The Tonieville bridge on Lincoln Parkway will be dedicated Wednesday and named the Master Chief Petty Officer Carl Maxie Brashear Memorial Bridge.
A dedication ceremony is at noon at the LaRue County Courthouse.
Brashear, a native of LaRue County, became the first African-American Master Diver in the U.S. Navy, and was the first Navy diver to be restored to full active duty as an amputee.
After two years working as a first-class diver, Brashear was injured while on a mission recovering a hydrogen bomb off the coast of Spain. He suffered a severe leg injury and had a leg amputated, but refused an offer for honorable discharge and instead continued his service as a Master Diver.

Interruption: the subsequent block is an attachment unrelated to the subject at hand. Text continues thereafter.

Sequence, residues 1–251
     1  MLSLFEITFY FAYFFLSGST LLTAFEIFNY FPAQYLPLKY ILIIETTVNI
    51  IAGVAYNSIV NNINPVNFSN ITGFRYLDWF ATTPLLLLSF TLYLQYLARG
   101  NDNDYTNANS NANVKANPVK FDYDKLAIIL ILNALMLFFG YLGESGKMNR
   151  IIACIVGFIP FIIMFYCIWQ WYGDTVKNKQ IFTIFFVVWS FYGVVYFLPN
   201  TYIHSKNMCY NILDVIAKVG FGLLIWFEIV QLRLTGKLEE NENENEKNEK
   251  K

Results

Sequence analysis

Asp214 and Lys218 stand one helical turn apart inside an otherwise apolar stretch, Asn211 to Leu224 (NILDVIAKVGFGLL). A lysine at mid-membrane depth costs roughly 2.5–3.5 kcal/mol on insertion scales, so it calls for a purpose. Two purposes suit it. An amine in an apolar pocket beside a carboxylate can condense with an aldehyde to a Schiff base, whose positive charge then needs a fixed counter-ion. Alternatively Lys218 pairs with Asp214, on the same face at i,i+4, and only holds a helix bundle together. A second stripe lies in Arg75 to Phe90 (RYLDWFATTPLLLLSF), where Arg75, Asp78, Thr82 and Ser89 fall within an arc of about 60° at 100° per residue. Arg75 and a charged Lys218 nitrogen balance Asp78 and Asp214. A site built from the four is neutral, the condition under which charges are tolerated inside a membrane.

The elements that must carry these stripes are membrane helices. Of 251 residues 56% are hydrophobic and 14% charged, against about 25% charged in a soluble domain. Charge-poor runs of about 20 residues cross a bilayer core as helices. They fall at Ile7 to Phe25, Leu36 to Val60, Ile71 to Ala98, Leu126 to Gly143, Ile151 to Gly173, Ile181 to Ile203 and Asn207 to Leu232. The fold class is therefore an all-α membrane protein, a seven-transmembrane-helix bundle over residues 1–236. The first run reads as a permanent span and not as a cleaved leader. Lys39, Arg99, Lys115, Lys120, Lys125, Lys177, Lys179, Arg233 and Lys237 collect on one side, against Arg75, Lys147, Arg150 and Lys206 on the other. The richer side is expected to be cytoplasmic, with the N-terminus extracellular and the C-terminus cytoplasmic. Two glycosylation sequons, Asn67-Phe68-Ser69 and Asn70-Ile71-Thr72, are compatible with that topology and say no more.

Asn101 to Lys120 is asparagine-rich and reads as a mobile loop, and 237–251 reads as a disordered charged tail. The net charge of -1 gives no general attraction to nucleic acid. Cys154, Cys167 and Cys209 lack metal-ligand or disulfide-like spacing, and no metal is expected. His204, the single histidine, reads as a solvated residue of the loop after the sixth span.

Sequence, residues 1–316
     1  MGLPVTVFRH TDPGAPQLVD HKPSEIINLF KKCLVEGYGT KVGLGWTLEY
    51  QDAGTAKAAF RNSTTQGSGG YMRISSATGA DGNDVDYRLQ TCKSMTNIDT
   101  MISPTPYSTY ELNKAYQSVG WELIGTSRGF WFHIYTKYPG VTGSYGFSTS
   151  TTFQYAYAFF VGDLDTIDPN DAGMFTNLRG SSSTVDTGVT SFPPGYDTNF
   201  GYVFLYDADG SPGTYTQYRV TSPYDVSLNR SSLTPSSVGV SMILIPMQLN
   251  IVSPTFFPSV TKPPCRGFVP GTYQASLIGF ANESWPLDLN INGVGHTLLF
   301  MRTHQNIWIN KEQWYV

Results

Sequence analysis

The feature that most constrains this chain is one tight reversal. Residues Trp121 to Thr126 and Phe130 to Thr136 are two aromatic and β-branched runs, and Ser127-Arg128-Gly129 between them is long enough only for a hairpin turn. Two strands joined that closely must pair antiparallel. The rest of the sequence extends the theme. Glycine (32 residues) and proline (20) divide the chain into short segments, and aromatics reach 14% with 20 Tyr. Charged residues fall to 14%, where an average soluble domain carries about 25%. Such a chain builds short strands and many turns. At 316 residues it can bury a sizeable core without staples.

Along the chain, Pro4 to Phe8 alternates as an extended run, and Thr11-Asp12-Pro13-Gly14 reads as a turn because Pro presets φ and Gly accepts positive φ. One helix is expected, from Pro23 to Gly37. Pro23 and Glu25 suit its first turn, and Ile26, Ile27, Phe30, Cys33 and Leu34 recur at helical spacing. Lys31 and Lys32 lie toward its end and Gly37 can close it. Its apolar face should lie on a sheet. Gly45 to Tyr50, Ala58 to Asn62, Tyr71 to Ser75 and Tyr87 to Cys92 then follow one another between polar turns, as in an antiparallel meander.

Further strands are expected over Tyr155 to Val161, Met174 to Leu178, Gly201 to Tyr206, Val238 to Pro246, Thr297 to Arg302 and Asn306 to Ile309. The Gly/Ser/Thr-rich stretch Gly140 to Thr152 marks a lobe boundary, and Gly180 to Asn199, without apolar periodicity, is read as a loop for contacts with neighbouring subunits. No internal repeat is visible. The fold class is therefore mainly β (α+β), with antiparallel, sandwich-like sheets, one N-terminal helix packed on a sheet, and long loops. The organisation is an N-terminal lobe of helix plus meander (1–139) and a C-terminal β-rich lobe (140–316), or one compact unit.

Brashear enlisted in the Navy in 1948, shortly after the desegregation of the military. Having first been denied entrance by the Army, he served as a steward for six years until he was admitted into Navy Diving School after years of applying.
State Rep. Brandon Reed, R-Hodgenville, passed House Joint Resolution 50 during the 2018 session, which recognizes Brashear’s legacy by naming the bridge in his honor.
“It was a privilege for me to work to get this bridge named for Carl Brashear, who served his country honorably and broke down barriers for all of our citizens to serve in our nation’s military,” Reed said. “I want to thank Magistrate Tony Stewart and LaRue County Historian Gary Gardner for their efforts in helping us make this happen.”
Brashear’s rank of master chief petty officer was the highest designation for Navy enlisted personnel.
Born in Tonieville, Brashear was the subject of the film “Men of Honor,” which stars Cuba Gooding Jr. as Brashear and outlines his journey to become the first black master diver.